Large Qcity crowd expected for Marian Wright Edelman

Edelman, a longtime advocate for children's issues, will speak at a Thursday fundraiser benefiting the Charlotte Junior League. The event is free, but donations are requested

When Marian Wright Edelman, founder and president of the Children’s Defense Fund, takes to the stage this Thursday at the Charlotte Convention Center for a luncheon address, attendees can expect a gift and a call to action.

For the combined book-tour-and rally, audience members will receive a copy of Edelman’s latest book, “The Sea Is So Wide and My Boat Is So Small: Charting A Course for the Next Generation.” The book is described as a charge to action on the urgent needs of children—a topic that has been the hallmark of Edelman’s work through the years.

Sponsored by the Junior League of Charlotte, Wachovia Foundation and Carolinas Healthcare Foundation, the luncheon is free. However, a suggested donation of $75 (or whatever attendees give) will be accepted, said Junior League spokeswoman Lisa Vaughn. Money raised will benefit the Junior League programs.

Vaughn said Edelman was the perfect choice for the fundraiser because of her lifelong work and the Charlotte Junior League’s mission to improve the community through effective action.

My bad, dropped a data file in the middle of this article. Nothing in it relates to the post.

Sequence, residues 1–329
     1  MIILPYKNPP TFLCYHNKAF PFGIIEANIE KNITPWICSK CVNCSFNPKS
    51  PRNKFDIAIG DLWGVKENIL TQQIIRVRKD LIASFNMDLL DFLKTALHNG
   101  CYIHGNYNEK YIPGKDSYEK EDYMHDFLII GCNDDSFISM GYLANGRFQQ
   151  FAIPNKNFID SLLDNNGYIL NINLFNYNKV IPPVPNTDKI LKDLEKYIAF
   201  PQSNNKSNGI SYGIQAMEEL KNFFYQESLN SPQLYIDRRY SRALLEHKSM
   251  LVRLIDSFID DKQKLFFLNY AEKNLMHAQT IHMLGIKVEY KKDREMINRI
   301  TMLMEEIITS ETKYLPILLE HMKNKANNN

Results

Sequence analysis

“We’re very excited that she chose to come to Charlotte because she’s definitely someone who speaks our language,” Vaughn said.

Edelman’s latest book is a series of letters to various groups reflecting on social and economic progress as well as setbacks since Martin Luther King Jr.’s death 40 years ago. In 1968, Edelman served as legal counsel for the Poor People’s Campaign being organized by King shortly before his death.

In 1973, the Bennettsville, S.C., native founded the Children’s Defense Fund, which is regarded as the nation’s leading advocacy organization for children’s issues. Edelman also was the first black woman to be admitted to the Mississippi Bar in the mid-1960s and directed the NAACP’s Legal Defense and Education Fund in Jackson, Miss., in the 60s.

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Edelman has received the Presidential Medal of Freedom, the nation’s highest civilian award, and the Robert F. Kennedy Lifetime Achievement Award for her writings. One of her eight books, “The Measure of Our Success: A Letter to My Children and Yours,” was on the New York Times bestseller list.

Interest in the event has been so high that the Junior League has moved to a larger room in the Convention Center and additional seats are available, said Vaughn. For more information, contact the League office at 704.372.5993 or go to www.jlcharlotte.org.

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